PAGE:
At least one young gunman was still on the run yesterday after the gang shootout at the National Zoo in Washington that left an 11-year-old boy dead and six children aged 11 to 16 wounded. The city's police chief, Charles Ramsay, widely praised for his handling of the recent demonstrations in the city, said officers knew who they were looking for.
The shooting broke out near the end of the zoo's Easter Monday picnic, organised every year as a celebration for African-American families. Witnesses said sporadic disputes between two groups of teenage boys had continued for much of the afternoon. Bottles were thrown, one hitting a small girl, then a boy was seen to draw a gun and open fire.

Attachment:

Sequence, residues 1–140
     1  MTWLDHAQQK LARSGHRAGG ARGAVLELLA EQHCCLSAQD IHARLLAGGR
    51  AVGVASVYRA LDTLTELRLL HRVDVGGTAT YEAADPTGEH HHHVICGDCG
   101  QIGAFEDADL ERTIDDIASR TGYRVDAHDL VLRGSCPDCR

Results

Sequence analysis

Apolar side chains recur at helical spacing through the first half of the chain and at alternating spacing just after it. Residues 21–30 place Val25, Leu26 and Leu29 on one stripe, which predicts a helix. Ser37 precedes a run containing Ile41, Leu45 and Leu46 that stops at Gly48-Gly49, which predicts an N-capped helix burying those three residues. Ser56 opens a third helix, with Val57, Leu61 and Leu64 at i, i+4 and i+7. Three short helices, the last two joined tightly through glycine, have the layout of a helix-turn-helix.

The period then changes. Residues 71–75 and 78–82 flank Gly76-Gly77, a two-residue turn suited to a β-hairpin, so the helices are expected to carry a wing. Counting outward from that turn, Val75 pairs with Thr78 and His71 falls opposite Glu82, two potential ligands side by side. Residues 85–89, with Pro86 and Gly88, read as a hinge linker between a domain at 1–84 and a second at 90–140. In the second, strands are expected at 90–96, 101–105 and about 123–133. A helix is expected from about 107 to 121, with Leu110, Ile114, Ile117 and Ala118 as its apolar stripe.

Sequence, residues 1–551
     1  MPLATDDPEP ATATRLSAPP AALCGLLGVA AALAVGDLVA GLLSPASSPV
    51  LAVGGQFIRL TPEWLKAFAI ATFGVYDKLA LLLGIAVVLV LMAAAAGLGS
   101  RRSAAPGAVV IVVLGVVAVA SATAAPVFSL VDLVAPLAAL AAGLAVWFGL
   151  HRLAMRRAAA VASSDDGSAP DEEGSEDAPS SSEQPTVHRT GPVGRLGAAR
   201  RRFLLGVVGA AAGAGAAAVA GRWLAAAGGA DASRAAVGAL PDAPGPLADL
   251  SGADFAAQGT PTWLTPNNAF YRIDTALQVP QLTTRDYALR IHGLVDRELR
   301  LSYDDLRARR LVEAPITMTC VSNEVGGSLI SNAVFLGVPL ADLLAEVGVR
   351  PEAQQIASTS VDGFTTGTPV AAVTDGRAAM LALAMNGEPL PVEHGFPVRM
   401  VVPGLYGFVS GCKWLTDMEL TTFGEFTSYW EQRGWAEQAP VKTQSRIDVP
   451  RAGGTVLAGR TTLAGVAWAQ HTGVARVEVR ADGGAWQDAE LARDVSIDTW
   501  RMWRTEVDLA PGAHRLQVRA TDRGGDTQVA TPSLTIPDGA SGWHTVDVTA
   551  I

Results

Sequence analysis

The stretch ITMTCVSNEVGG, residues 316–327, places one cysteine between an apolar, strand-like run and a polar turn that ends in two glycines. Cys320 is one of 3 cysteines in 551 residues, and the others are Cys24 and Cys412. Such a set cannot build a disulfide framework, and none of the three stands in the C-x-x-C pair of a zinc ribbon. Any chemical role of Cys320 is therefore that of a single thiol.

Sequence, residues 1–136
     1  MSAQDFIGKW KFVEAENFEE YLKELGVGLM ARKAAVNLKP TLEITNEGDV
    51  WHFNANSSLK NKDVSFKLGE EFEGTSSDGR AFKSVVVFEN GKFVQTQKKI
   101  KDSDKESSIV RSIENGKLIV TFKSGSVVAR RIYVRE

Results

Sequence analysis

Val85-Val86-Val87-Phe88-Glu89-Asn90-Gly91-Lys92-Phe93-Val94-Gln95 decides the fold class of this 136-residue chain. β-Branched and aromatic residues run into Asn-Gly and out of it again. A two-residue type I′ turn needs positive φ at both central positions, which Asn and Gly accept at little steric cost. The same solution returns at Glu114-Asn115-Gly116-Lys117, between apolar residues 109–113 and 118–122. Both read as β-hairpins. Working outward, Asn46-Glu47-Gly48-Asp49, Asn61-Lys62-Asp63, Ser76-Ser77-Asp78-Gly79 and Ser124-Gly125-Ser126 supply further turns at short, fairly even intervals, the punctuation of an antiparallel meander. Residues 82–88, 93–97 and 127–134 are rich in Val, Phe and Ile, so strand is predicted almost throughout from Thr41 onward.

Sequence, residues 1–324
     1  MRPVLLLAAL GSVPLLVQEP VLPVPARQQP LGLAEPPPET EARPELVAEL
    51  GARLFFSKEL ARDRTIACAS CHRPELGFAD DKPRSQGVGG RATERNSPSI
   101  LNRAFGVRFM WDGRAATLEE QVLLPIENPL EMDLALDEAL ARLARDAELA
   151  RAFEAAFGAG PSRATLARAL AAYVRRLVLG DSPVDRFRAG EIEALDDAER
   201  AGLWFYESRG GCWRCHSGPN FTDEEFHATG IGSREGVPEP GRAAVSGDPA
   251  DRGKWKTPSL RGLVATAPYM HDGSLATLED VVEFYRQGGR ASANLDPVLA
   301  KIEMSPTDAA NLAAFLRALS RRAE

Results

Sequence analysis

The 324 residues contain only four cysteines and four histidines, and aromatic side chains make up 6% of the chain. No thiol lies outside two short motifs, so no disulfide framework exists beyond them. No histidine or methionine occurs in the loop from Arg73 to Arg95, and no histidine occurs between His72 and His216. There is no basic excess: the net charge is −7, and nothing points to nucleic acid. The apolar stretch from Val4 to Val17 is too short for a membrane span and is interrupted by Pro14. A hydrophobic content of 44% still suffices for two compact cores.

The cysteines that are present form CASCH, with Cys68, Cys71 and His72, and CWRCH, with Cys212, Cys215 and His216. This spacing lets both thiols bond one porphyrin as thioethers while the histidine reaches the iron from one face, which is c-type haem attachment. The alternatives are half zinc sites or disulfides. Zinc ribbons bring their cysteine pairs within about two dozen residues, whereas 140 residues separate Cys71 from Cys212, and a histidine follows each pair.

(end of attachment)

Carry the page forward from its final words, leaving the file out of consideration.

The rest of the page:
Washington has some of the country's strictest gun laws. It is forbidden to buy, sell, or keep a gun in the District of Columbia. But gun crime, with the drug trade, is endemic in the eastern part of the city.
This latest serious crime spilling over into the mainly white north-west of the city from the mainly black eastern districts shocked local people, who have watched the city's fortunes rise in the past year, with property values up and the net outflow of residents now reversed. As callers to radio talkshows and internet chat rooms showed, it also opened up the strong vein of racism in what is almost a segregated city.
In New York, Vice-president Al Gore renewed his call for child safety locks on guns. But people on both sides of the gun debate said neither tougher laws nor trigger locks would have prevented this tragedy.Reuse content